The Slippery Slope of Comparison
A Psalm of Asaph
1Truly God is good to Israel, Even to such as are of a clean heart. 2But as for me, my feet were almost gone; My steps had well nigh slipped. 3For I was envious at the foolish, When I saw the prosperity of the wicked.
Keeping up with the Joneses is a slippery slope for certain.
Looking at the success and blessing of others and comparing theirs with yours will take you down, just ask Asaph the God inspired author of Psalm 73. He tells us that he had almost lost his way, he had come very close to the edge of this great precipice and almost slipped over. Asaph confesses that he had become envious. Others had more wealth and better health, better jobs and more fun friends. Perhaps Asaph checked his social media feed and saw “friends” with nicer houses and happier homes. As he snooped on other’s stories, he surveyed perfect families on fun filled adventures or delicious meals around big tables and jealousy hijacked his thoughts.
Why is keeping up the Joneses such a slippery slope?
Why be cautious of committing this crime of coveting?
(Did you c what I did on that last line?)
1. You never see behind the scenes of those lives that you envy
Most people don’t portray themselves completely in public or on social media. The life you see is not reality! They snapped 43 imperfect selfies before the one they posted. Their spouses’ picture is filtered, the food may have looked better than it tasted and sometimes their houses have plumbing problems too! Someone wise once said, “the grass is greener on the other side because it is growing above a sewer.”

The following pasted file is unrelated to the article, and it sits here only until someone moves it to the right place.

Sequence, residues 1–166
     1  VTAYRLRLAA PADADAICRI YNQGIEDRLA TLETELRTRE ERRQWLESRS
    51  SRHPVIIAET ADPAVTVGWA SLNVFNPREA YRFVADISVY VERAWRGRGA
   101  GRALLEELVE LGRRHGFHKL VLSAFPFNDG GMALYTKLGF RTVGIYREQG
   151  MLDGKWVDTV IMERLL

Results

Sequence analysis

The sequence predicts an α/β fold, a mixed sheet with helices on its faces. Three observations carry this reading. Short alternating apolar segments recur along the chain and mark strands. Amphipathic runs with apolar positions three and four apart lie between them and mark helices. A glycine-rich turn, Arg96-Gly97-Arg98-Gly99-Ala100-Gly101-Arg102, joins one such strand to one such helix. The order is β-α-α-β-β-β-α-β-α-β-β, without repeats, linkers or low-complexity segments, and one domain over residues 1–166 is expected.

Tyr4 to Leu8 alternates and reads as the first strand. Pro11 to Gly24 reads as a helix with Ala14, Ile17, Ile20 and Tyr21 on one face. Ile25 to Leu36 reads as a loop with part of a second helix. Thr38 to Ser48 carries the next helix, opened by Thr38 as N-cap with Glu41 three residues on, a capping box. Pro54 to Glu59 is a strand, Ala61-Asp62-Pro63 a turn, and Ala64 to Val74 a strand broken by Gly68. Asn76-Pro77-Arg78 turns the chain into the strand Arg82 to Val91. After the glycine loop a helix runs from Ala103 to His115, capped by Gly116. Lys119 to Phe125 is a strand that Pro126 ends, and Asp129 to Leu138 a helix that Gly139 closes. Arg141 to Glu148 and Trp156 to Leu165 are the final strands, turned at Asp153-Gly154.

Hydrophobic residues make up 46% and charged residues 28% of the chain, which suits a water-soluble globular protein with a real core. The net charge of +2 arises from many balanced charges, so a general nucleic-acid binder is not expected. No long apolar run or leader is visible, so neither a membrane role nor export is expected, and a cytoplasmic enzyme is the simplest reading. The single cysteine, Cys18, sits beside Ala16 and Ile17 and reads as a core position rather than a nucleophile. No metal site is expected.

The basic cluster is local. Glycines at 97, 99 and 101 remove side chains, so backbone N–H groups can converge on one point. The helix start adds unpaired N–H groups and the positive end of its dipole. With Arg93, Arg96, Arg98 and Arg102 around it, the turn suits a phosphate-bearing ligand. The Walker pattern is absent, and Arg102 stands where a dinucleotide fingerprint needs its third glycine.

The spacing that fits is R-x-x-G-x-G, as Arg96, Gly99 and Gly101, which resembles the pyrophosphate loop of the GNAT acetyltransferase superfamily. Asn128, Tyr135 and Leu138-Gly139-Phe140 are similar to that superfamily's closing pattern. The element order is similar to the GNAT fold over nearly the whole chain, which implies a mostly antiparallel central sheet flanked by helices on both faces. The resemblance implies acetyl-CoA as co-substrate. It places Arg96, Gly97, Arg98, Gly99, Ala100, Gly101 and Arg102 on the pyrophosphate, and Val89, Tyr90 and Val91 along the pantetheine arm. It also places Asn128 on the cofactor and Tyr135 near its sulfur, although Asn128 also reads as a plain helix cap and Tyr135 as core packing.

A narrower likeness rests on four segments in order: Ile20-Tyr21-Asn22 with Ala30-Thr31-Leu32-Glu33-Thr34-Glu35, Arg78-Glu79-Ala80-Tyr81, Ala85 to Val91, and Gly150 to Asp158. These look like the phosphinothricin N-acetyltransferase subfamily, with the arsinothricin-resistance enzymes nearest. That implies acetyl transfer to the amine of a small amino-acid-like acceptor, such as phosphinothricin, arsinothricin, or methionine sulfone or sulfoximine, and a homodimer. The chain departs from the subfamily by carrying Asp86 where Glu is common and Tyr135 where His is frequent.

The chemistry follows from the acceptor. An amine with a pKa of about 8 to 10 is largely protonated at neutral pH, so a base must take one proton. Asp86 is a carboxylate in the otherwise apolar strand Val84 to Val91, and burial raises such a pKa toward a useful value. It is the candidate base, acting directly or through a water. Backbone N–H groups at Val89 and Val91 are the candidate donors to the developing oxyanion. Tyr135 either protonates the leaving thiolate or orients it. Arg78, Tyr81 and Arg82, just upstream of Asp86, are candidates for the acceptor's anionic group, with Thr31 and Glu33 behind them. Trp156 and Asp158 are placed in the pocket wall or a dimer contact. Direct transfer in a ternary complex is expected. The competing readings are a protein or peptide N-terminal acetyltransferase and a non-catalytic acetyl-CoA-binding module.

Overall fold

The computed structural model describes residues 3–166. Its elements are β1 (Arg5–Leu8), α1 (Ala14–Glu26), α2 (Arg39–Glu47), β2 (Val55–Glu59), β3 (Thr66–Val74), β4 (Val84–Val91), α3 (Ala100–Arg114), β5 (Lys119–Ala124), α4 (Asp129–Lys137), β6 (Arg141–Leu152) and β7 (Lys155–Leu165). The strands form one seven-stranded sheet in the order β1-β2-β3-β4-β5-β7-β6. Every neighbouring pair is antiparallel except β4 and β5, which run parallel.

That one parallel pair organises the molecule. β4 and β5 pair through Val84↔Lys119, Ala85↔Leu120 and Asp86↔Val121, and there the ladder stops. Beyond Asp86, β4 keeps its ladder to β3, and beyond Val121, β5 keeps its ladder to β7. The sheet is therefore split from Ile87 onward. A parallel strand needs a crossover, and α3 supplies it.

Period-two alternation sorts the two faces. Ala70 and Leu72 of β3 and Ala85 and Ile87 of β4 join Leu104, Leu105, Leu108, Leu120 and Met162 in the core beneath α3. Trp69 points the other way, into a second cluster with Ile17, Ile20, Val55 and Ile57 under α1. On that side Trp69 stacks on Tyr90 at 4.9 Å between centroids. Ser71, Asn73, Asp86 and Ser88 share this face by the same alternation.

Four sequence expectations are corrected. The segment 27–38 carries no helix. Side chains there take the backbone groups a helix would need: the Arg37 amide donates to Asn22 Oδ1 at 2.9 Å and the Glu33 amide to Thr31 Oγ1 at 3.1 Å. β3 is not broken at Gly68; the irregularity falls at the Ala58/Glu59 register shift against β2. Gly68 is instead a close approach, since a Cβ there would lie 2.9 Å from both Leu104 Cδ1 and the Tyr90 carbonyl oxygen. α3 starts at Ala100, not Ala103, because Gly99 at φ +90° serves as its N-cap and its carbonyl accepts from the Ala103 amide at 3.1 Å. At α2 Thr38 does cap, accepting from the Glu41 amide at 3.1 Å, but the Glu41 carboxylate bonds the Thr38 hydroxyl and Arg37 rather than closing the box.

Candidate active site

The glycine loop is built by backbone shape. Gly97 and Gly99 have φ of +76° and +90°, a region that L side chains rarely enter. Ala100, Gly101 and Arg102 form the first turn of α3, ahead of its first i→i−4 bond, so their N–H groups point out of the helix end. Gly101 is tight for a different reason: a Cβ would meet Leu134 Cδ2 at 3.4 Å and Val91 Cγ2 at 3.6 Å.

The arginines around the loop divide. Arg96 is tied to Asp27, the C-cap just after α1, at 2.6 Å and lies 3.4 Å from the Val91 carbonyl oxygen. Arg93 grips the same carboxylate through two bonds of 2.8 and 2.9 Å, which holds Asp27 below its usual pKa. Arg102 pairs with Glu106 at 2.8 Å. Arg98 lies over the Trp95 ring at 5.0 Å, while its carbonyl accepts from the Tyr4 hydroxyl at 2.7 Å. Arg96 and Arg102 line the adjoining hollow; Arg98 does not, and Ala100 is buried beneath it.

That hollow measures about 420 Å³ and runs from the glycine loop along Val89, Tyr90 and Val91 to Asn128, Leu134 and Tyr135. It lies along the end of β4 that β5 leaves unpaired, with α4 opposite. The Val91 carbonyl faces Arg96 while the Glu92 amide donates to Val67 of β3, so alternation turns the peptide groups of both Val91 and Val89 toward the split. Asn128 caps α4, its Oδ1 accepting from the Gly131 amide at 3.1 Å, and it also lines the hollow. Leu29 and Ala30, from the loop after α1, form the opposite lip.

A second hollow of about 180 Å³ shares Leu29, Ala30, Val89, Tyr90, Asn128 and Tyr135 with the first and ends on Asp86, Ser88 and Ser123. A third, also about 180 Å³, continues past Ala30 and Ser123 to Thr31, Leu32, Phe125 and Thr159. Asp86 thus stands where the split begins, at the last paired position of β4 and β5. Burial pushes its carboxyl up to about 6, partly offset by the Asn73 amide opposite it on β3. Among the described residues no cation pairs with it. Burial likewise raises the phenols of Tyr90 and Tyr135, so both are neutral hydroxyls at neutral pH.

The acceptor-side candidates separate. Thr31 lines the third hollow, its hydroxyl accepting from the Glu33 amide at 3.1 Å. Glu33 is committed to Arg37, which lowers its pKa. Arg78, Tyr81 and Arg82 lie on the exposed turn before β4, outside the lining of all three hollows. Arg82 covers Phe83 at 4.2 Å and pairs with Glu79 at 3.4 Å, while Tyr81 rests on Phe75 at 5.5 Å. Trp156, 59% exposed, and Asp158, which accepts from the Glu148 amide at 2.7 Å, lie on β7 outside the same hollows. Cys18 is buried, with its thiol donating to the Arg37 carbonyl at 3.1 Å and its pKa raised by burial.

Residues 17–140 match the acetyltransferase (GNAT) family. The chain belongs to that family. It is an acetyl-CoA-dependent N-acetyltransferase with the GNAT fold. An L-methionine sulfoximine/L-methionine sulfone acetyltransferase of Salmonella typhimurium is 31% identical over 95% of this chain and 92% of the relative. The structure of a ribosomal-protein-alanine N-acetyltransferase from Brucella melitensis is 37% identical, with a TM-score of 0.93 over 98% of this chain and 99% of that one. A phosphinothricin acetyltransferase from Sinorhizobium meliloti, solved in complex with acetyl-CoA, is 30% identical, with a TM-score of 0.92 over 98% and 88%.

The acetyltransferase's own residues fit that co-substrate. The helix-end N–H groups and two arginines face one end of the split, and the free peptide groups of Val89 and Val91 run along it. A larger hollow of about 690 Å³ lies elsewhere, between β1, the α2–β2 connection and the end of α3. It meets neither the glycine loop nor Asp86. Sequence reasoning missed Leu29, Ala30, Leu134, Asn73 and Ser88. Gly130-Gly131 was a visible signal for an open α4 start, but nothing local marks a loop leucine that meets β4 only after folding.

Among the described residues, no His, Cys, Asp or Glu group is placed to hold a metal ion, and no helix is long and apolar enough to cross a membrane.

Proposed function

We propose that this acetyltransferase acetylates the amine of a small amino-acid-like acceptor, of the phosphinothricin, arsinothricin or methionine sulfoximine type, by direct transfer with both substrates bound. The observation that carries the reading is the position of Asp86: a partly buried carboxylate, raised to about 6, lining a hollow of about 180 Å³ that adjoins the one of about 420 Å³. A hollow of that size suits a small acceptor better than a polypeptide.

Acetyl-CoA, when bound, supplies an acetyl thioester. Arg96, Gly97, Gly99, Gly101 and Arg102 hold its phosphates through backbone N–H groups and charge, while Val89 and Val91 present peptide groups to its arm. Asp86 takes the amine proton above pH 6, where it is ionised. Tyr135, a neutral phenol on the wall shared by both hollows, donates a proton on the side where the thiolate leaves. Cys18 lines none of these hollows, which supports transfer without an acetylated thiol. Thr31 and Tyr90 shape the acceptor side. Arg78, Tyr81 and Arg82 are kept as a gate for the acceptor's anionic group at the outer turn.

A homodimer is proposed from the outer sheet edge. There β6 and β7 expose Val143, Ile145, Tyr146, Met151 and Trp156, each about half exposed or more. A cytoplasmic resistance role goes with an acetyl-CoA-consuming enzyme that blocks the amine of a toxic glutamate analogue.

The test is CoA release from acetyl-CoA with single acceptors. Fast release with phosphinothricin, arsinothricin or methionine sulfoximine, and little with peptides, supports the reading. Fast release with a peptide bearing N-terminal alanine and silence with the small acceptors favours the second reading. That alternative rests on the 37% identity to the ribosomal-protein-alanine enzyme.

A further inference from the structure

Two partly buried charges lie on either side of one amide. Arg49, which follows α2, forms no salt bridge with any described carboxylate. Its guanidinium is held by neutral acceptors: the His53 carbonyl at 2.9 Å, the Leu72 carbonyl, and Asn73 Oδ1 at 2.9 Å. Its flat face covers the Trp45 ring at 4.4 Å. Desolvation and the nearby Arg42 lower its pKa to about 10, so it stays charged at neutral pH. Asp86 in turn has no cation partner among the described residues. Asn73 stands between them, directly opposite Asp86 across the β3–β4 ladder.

2. Envy can’t get along with gratitude.
Those two refuse to live together, one will have to leave. Keeping up with the Joneses is such a slippery slope because as you allow yourself to compare then you will cease being thankful. Perhaps theirs is better but that doesn’t mean that yours is bad.
3. Comparing is a losing game
Typically, those that are envious try to even things up by digging themselves a financial hole.
Keeping up with the Joneses will break your bank. How many people have maxed out their credit cards buying things they can’t afford to impress people they don’t like?
4. God is good
Notice Asaph’s comparisons brought him to playing a blame game with God. They acted foolish and yet the Lord allowed them more than him. They were less deserving, so he believed. In his eyes, God was not being godly, he was not treating him unfairly. Wow, that is a slippery slope. That reveals so many sins, doesn’t it? Pride to believe we are worthy of more, judging to access others as less deserving, ingratitude, blasphemy, these are a just a short list of lows to which comparing will carry the envious.
Asaph begins this Psalm with a wonderful truth, it was one that he forgot for a while but then comes back to at the end. We must keep that truth in focus at all times.
“Truly, God is good…” Psalm 73:1
The gospel of Jesus Christ teaches us that we are all unworthy sinners in need of a savior. If we had gotten what we deserved, then Jesus would not have died, and we would not be saved. I have learned to look by faith to Calvary when I start to feel like the Lord has not treated me fairly. It is then that I begin to regain my gratitude that instead of getting what I deserve I have gotten grace.
Truly, God is good!